Questing after shrub borders against the fence, I've been reading "Continuous Color" by Pam Duthie.
She recommends shrubs with more than one season's interest. For each one she lists all the relevant details, including some gushing comments that undercut her authority just a bit. Nevertheless, based on her recommendations, I headed first to Merrifield and then to Colesville Nursery.
At Merrifield (in the pouring rain), I ended up with a Kerria japonica 'Golden Guinea,' which has single yellow roselike blooms and offers "bright green stems showy in winter." It's not an exciting shrub, but its yellow flowers are sweet. I was heartened to read Henry Mitchell calling it "common and unexciting" but going on to say,
And yet I well recall decades ago when I first saw this bright canary-yellow creature - golden quarters spangled the length of bright lime-green stems - in a Mississippi garden...I could not think of many good plants that would survive in dry shade, and besides, I wanted the green stems to be there in winter. Indeed, they are just as cheerful on a January day as I expected they would be.
Also at Merrifield, after surveying the yews
and the English laurels
with an interested eye, I came away with a Kirengeshoma, something I'd been interested in since planning the refurbished front garden. I've planted it under the oak tree in back and look forward to its leaves and blooms. It doesn't hurt to see Henry Mitchell saying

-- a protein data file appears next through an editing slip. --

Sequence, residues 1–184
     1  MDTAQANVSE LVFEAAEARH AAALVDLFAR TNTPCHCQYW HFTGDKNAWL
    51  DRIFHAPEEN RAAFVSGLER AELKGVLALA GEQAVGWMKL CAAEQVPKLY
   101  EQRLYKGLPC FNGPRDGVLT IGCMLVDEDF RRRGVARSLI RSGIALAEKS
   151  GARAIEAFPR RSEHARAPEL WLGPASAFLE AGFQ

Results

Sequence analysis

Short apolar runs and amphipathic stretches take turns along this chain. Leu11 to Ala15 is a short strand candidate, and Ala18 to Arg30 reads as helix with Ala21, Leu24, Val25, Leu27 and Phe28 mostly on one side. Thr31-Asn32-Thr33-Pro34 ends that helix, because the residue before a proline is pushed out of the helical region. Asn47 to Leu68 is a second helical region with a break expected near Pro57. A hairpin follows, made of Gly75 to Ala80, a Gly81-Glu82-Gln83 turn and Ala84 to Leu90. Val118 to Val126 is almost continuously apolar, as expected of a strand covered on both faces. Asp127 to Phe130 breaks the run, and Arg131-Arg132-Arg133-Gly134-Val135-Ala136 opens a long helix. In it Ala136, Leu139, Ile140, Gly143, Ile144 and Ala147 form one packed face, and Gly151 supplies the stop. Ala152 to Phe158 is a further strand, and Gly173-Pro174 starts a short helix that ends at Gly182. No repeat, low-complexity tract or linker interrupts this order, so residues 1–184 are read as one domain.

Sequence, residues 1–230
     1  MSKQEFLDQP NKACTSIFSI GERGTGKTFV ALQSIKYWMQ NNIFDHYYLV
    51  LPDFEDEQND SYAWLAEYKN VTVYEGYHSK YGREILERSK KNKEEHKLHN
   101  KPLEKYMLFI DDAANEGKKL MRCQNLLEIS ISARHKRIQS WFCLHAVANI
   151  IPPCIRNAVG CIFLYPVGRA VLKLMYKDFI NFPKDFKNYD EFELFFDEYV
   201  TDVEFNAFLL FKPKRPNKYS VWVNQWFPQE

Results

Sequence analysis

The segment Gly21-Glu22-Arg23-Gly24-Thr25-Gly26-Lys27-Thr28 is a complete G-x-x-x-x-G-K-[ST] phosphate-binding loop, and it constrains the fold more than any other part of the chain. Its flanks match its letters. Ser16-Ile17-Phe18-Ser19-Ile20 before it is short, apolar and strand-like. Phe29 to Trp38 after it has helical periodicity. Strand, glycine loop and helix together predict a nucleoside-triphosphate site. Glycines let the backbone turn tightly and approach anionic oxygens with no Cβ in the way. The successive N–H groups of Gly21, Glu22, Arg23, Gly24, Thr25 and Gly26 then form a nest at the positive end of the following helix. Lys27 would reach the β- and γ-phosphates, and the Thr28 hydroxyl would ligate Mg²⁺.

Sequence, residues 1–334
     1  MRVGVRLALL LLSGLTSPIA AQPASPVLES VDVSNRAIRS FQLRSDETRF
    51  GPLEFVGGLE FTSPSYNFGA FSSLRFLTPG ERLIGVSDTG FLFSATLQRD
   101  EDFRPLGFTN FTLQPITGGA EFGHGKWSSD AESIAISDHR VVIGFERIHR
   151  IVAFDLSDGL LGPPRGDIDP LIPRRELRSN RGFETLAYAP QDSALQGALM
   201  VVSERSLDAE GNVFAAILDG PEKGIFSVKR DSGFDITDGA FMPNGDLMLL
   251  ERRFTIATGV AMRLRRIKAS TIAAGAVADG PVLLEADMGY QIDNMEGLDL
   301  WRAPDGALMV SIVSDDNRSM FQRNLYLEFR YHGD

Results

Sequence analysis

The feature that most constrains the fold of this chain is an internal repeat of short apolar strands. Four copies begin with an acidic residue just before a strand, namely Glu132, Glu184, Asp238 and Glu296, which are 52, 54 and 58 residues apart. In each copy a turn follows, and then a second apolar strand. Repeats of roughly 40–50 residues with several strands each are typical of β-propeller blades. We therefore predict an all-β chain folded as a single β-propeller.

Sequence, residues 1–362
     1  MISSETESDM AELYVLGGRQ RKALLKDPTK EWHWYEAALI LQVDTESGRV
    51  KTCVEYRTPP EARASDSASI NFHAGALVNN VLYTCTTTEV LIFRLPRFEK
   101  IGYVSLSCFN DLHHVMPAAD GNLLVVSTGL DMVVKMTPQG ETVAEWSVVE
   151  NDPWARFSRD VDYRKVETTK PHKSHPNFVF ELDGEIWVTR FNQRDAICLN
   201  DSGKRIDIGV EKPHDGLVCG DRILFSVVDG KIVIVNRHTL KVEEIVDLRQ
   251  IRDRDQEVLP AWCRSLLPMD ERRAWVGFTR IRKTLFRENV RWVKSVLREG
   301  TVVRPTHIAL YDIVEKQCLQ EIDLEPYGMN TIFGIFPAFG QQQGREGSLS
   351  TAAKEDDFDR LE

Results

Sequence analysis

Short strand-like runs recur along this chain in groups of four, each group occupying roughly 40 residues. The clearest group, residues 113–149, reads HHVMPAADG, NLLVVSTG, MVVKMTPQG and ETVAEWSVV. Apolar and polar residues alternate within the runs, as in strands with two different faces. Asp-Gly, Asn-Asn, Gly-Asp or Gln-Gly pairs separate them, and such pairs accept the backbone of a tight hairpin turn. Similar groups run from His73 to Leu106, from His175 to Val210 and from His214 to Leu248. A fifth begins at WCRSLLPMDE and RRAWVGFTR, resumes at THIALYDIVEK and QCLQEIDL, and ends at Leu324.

What could be grown in such a space, dampish and half shady, between brick pavement and the concrete wall of the pool? Well, if I moved the wild irises (Iris versicolor from a local swamp) out and dug in a barrowful of leaf mold and some peat moss and let it all settle down nicely, I could grow Kirengeshoma palmata. This is a perennial posing as a small shrub, growing three feet or so, with leaves like a Norway maple's and hanging yellow bells or trumpet flowers in October. I have never seen a photograph of it that would make anybody desire it. And yet I have never heard of any gardener who, seeing it in the flesh, did not want it. It's not the leaves and it's not the flowers -- it's the way the plant is put together with such refinement and freshness.
Here it is:
Also five Mahogany bugleweed to go under the oak leaf hydrangea, three white caladiums for pots, a Rex begonia, and a 'White Lady' hellebore to go somewhere...
Here's the wagon full: